Channelling Clausewitz: Leveraging Quantum And IoT Brute Force To Break IP Network Security

By Rudy Hoebeke, VP Product Management, IP Networks at Nokia

In the perpetual IP network security arms race between service providers and those that seek to disrupt and breach their networks, two technologies are equally responsible for disrupting a long-standing stalemate, the emergence of quantum computers and the proliferation of industrial scale IoT.

Both provide attackers with the ability to focus unparalleled brute force in their attacks, measured in processing power or bandwidth, shattering traditional IP network security defences.

The Quantum Compute Threat

The quantum threat comes from the massive processing power quantum computers can bring to bear on algorithms used to safeguard public key network encryption. Exactly when a quantum processor or a network of quantum processors, will amass enough qubits to break public key network encryption algorithms in a short amount of time is subject to much debate.

But what is clear is that it’s a question of ‘when,’ not ‘if.’  The industry is so terrified of this eventuality that they’ve given it a name: Q-Day.

To avoid a Q-Day apocalypse, the NIST (National Institute of Standards and Technology) is overseeing the development of a new set of public key cryptographic algorithms that will take quantum computers an impractical length of time to crack.

While this initiative, known as post-quantum cryptography (PQC), is making good progress, standardization and mass deployment is expected to take years. Who gets to the finish line first sufficiently powerful encryption-breaking quantum computers or universal PQC deployment is the subject of yet another unnerving debate.

Irrespective of this, the time to act is already here. Of increasing concern are so-called store-now-decrypt-later (SNDL) attacks; if malicious actors with adequate resources can intercept and store sensitive data flowing in today’s networks, then that data can be harvested on Q-day.

How Do You Make Networks Quantum Safe?

Luckily, there are already ways to make networks quantum safe today. According to multiple authorities including the NSA, NIST, ETSI and ANSI; symmetric encryption algorithms like AES coupled with highly randomized and large 256 bit keys are quantum safe.

These symmetric encryption algorithms can be used to introduce quantum safe encryption of traffic flows between routers or optical switches, safeguarding all data well in advance of Q-day. The symmetric keys can be distributed using quantum-safe encryption over traditional IP and optical links, or via quantum key distribution (QKD) mechanisms.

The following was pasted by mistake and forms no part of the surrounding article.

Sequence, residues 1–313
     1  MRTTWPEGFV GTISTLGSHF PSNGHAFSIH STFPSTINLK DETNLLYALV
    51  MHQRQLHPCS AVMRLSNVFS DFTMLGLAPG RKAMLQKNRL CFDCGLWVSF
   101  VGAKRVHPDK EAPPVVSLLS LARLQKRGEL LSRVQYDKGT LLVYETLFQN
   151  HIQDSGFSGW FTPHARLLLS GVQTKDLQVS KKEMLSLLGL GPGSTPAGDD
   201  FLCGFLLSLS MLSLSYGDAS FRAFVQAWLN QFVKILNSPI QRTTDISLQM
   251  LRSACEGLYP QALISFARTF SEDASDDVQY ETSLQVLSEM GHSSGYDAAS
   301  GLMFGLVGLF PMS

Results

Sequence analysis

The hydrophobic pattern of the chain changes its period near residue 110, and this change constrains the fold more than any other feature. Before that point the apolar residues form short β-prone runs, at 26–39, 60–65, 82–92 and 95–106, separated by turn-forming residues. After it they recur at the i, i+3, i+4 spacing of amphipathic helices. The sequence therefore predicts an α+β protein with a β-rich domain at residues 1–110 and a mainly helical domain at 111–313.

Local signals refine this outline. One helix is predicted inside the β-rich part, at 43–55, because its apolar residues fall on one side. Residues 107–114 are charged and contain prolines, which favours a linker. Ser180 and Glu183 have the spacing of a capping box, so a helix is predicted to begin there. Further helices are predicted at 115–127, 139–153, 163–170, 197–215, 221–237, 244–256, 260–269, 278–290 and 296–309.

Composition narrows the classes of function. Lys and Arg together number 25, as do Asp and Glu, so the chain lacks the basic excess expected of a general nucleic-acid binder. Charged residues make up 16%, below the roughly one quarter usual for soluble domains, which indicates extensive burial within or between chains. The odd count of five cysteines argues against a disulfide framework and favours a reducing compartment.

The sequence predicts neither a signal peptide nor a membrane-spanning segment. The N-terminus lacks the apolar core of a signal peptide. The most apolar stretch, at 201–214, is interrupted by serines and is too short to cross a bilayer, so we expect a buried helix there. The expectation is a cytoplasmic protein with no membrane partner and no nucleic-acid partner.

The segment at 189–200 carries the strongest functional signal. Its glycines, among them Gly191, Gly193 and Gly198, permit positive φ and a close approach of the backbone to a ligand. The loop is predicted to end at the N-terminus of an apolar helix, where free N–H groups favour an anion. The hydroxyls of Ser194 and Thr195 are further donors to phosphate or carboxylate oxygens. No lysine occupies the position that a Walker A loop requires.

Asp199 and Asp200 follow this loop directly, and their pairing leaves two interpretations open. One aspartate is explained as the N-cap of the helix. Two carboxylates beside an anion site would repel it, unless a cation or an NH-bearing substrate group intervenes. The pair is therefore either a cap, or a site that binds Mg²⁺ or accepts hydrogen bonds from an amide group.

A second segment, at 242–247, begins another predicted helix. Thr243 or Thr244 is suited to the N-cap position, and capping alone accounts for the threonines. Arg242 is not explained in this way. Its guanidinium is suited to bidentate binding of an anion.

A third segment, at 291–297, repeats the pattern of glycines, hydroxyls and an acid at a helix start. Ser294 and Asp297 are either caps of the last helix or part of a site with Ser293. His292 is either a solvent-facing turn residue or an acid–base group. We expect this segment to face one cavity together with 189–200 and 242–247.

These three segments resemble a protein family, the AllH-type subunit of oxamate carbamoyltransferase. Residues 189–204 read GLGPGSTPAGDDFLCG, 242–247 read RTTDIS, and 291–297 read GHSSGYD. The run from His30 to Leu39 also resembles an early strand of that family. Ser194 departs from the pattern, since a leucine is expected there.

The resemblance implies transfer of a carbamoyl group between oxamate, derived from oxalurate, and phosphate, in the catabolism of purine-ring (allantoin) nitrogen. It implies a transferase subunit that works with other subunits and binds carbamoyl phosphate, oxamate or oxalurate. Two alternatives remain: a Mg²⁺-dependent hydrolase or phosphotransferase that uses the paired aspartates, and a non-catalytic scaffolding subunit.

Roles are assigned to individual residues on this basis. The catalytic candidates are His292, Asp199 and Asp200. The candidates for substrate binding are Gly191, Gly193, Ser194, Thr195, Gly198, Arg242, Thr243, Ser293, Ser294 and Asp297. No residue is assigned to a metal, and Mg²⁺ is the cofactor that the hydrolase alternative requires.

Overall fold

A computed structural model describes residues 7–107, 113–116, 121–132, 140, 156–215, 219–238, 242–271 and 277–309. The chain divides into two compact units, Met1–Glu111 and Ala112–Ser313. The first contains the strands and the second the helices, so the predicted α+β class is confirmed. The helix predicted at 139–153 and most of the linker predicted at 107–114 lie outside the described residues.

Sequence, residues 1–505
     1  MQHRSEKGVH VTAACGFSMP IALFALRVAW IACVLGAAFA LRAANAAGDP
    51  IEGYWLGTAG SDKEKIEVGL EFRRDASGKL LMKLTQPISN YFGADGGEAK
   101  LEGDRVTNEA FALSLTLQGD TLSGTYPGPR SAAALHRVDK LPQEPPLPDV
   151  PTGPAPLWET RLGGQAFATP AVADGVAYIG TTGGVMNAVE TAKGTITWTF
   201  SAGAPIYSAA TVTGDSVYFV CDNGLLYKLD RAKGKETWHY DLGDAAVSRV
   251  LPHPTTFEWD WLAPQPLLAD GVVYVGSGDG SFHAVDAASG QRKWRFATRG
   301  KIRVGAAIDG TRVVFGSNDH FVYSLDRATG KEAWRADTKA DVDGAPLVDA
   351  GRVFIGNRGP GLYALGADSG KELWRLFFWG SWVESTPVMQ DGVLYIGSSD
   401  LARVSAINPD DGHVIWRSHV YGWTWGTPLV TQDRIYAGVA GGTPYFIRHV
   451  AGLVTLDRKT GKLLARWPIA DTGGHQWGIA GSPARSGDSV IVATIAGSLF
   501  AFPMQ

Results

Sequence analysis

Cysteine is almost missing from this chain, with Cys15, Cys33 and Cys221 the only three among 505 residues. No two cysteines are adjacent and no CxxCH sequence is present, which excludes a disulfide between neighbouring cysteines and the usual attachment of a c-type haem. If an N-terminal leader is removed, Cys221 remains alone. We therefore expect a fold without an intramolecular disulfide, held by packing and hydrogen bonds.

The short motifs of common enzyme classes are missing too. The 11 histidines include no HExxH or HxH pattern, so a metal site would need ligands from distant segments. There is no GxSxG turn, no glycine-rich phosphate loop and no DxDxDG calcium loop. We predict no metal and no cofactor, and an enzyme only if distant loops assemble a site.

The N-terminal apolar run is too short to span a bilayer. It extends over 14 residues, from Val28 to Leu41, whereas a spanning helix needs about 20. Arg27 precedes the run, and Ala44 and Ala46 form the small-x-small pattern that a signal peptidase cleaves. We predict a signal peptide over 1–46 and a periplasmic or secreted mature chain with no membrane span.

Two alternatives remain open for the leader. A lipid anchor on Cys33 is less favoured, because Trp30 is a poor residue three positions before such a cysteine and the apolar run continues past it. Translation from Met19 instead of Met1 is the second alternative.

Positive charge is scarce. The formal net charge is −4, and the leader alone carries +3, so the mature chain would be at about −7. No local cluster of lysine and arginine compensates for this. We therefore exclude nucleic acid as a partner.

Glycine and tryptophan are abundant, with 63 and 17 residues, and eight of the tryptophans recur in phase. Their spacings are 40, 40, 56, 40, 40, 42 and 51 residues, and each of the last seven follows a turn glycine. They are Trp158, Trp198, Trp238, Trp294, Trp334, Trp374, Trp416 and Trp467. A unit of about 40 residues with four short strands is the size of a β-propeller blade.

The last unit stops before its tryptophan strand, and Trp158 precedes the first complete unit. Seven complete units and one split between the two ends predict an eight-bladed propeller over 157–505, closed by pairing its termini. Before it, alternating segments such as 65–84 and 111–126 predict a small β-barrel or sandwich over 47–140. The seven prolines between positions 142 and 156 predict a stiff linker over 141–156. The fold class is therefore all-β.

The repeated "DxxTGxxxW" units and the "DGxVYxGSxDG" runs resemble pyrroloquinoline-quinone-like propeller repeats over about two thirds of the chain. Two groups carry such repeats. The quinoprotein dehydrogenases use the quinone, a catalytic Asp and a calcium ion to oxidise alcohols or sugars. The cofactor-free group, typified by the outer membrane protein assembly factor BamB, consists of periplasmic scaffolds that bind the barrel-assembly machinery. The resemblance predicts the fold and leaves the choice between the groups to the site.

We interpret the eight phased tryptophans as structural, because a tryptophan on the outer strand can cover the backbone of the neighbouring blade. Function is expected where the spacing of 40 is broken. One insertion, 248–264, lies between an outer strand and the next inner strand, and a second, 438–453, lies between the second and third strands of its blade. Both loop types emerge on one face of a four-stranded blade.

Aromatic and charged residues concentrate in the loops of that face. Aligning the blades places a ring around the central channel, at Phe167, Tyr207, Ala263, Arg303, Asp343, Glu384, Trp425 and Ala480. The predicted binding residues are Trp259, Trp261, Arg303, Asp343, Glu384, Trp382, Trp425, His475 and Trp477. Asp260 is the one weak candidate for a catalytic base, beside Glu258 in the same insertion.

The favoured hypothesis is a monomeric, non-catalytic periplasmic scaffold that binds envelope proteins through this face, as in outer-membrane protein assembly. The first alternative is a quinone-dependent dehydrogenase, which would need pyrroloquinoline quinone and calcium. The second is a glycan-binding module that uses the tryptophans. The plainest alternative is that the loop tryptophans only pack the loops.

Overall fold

The Rise Of IoT Botnets In DDoS

Where a single quantum computer can unleash unparalleled brute force in processing, millions of IoT devices can be combined in botnets to unleash DDoS attacks at multi-terabit scale and beyond. Many are running porous versions of Linux or out-of-date firmware, making them easy targets for hijacking.

Access to high-speed symmetric consumer internet plans means they have an order of magnitude more bandwidth at their disposal. Their impact has been significant. IoT botnets are now responsible for the majority of Distributed Denial-of-Service (DDoS) traffic and they’ve led to the collapse of DDoS service prices to a mere fraction of what they were just a few years ago. They are the tool of choice for everyone from extortion gangs to political activists, and even to nation-state actors in geopolitical conflicts.

How Do You Stop A Botnet DDoS Attack?

When it comes to botnet DDoS attacks, detecting them is often as easy as realizing you’re suddenly drinking from a fire hose. However, doing something useful about it, without creating a traffic bottleneck, is far more challenging. How do you distinguish between hundreds of thousands of attacking IoT devices and valid traffic?

How do you stop or limit just them, without impacting valid users and their service experience? This calls for special intelligence on IoT devices and their network supply chains.

It requires the ability to quickly set up and tear down hundreds of thousands of IP filters, all without impacting network performance.

Are You Ready For This Darkening Threat Landscape?

Despite the powerful new threats to network security coming from the raw processing power of quantum computers or the unparalleled attack bandwidth of IoT botnets, help is out there. Service providers just need to ask the right questions to ensure the requisite IP network security capabilities are an integral part of their new or upgraded network builds.